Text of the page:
Pamplona

From the Roman Foundation to the Hemingway fascination

23 Sep 2019
The main city in Navarre was set as a military camp back in 74BC and named after the Roman leader Gnaeus Pompey Magnus. So, it was called Pompey (the same as the city in modern Italy buried by the eruption of the Vesuvius volcano) or Pompaelo. The name evolved over time to Pamplona.
 
The city was the capital of Kingdom of Navarre all the way from early 9th century to 1512 when Spain annexed Iruna and the area around it. There were periods of total independence of Navarre followed by times of rule or domination by France, Aragon and eventually – the Kingdom of Castille that later formed modern-day Spain.
 
Pamplona remained a vital place after Spain annexed it. It was and still is a stop for the pilgrims of the Camino de Santiago.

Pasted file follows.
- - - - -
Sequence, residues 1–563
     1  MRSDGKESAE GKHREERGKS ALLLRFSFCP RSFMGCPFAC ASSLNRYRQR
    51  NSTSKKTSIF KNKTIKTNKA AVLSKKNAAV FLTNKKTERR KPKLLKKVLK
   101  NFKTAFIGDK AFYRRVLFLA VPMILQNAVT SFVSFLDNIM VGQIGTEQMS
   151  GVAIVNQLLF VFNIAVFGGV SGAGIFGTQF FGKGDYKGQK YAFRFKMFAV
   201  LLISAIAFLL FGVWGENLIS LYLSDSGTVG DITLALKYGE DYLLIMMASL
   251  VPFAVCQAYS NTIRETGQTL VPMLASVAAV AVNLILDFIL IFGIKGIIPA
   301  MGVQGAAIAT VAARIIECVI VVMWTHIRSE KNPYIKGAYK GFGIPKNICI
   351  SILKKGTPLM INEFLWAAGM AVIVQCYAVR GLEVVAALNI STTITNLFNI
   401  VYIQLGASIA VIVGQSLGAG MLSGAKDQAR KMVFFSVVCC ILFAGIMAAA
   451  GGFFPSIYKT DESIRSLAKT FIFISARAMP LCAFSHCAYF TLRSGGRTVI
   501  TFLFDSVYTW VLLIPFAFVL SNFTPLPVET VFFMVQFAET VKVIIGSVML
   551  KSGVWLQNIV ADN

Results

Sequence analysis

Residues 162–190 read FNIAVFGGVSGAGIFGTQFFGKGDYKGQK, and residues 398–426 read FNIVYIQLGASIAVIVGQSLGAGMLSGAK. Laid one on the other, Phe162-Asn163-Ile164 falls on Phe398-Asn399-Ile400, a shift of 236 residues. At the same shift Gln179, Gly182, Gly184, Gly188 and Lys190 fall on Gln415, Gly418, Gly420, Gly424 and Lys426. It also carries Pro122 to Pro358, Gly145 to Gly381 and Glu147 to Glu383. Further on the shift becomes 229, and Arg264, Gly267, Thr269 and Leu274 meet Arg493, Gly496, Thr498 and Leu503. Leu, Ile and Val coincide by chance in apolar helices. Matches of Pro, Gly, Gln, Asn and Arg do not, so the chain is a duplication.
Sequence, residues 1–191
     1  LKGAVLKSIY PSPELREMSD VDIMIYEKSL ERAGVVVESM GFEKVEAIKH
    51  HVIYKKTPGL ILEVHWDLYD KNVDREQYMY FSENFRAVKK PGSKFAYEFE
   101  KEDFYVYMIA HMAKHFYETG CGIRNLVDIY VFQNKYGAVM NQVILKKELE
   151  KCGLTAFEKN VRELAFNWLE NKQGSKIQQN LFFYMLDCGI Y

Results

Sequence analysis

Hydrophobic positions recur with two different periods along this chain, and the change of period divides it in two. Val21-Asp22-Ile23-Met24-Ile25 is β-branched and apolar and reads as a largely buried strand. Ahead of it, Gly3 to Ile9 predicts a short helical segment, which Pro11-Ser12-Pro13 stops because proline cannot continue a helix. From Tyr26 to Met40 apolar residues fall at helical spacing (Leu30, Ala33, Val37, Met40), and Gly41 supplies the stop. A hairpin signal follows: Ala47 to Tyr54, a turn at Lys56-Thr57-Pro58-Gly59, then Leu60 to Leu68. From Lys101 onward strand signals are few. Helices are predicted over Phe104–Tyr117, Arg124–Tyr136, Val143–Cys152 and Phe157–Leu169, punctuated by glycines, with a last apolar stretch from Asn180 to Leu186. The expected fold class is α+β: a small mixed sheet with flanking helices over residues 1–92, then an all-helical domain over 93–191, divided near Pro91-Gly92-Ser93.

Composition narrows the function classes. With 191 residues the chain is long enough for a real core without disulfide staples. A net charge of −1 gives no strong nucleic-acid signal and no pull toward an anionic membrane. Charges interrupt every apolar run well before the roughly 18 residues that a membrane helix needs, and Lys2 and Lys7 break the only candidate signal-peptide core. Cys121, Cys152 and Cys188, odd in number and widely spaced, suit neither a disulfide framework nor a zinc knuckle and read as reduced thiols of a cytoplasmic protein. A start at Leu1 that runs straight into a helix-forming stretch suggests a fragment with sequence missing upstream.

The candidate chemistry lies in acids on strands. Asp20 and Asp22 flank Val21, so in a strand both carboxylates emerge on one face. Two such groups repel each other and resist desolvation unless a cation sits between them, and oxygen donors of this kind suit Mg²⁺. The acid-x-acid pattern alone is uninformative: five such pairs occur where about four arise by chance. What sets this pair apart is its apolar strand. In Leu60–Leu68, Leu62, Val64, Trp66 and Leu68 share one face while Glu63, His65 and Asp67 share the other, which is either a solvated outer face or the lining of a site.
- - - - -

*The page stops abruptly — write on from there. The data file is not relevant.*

The fame of Pamplona reached new heights, thanks to Ernest Hemingway. The great American writer first visited Pamplona in 1923 when neither he or the city were names familiar to the vast majority of people around the world. Ernest Hemingway fell in love with the place and visited it nine times literally obsessed by the San Fermin craze. In 1926, a novel came out named Fiesta, later on, renamed to The Sun Also Rises. This book is often considered to be the most significant fiction created by the American novelist. There is a statue of Hemingway sitting at the bar in the historic Café Iruña – one of his favourite spots in Pamplona, bearing the Basque name of the city.

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